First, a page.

Tropical Storm Beta was drizzling on Houston when Denise Lanza noticed she was having regular contractions.
This scenario had been in the back of her mind. Denise, a biological scientist, is married to Matt Lanza, a meteorologist who writes for Space City Weather, a go-to source for the region, especially during storms.
The couple learned in January that they would be having a second child — due in September. Matt felt excited hearing the news, then realized: “Oh, of course, we’re going to have a baby due right at the peak of hurricane season.”
And what a hurricane season it had been. Hurricane Hanna hit Padre Island in July. Hurricane Laura barely missed Houston in August. Planning to name their son Theodore, Matt never imagined Hurricane Teddy would form by September.
Yet already, the National Hurricane Center had identified so many storms that, for the first time since 2005, it
In parts of the county, it doesn’t even take a named storm to leave neighborhoods in high water
ORANGE COUNTY, Texas — It’s been nearly a month since Hurricane Laura hit, and people in Orange County are still picking up.
They’re also preparing for Tropical Storm Beta. Residents are no strangers to flooding.
In one Orange County community, they’ve been asking for something to be done about the drainage system. Tom Clary owns a home in the area and says Adams Bayou is part of the problem.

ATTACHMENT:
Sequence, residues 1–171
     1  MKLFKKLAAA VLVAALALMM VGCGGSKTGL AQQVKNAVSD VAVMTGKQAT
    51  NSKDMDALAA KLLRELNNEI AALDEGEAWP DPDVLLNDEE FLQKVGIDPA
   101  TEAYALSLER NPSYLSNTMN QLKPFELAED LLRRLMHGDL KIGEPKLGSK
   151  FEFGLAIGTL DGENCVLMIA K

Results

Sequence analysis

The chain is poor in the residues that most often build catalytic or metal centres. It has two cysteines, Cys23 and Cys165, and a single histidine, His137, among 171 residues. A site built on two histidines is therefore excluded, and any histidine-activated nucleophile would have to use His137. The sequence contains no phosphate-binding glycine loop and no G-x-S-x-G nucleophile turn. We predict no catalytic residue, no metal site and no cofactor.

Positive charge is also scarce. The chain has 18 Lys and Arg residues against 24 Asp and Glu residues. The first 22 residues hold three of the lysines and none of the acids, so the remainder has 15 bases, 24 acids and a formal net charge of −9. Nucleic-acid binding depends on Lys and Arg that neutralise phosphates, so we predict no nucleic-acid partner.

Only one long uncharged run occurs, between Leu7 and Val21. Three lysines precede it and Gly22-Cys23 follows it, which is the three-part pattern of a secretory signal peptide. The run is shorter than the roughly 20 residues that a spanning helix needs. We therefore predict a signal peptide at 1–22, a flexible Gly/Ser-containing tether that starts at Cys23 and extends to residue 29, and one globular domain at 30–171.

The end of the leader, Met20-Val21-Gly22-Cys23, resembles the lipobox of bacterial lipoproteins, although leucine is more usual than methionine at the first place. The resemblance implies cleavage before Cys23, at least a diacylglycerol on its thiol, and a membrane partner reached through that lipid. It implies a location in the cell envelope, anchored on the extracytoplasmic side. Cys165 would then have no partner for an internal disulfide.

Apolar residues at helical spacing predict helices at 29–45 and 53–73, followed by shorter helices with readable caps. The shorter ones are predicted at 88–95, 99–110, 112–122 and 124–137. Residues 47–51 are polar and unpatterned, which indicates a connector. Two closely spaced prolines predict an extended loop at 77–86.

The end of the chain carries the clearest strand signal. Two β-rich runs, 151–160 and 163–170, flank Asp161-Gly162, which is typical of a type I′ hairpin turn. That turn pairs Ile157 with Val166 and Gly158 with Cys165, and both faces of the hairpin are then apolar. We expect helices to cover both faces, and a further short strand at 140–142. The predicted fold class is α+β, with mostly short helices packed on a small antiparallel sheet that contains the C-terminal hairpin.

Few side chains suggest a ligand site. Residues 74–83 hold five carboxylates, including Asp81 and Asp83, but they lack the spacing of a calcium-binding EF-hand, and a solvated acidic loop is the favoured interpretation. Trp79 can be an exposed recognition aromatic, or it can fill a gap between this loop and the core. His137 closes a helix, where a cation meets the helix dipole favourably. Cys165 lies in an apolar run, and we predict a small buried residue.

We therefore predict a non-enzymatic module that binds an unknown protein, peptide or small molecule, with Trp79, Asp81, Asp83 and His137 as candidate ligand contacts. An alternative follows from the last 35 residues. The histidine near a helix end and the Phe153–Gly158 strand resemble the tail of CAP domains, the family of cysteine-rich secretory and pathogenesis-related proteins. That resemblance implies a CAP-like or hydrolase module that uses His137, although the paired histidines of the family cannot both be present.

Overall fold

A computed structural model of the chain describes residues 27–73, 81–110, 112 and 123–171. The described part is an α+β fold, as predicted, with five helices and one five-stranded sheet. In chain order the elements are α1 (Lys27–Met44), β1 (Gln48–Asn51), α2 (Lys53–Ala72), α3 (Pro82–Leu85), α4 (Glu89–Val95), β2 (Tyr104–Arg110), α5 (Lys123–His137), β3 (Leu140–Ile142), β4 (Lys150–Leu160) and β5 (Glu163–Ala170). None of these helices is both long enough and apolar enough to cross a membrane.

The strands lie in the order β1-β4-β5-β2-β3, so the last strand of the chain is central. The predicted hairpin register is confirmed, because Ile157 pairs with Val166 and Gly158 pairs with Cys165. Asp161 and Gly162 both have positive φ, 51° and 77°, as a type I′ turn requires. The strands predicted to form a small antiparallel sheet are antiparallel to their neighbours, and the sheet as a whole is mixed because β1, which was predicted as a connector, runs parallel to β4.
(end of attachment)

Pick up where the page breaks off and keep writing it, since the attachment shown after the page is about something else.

It doesn’t even take a named storm to leave neighborhoods in high water in parts of Orange County.
“This is pretty much a common occurrence now,” Clary said.
Just down the road from his house is Adam’s Bayou.
“I’m old, I can’t be putting sandbags around here,” Clary said.
Clary and other residents know there’s not much that can be done about Mother
A recent study suggested that we have probably approached the limit of predictability for tropical cyclone (TC) track prediction. If that’s true, there’s little we can do to improve TC forecasts as an incorrect position affects the utility of all other guidance, including wind, precipitation, and storm surge guidance. This would be bad news for disaster prevention and mitigation.
“The reason some scientists ask whether the limit of predictability is near or has already been reached is that there’s a diminishing trend in the reduction of positional error in National Hurricane Center (NHC) tropical cyclone forecasts. From this, there seems to be little room for improvement,” explained Dr. Feifan Zhou, a scientist with the Institute of Atmospheric Physics at the Chinese Academy of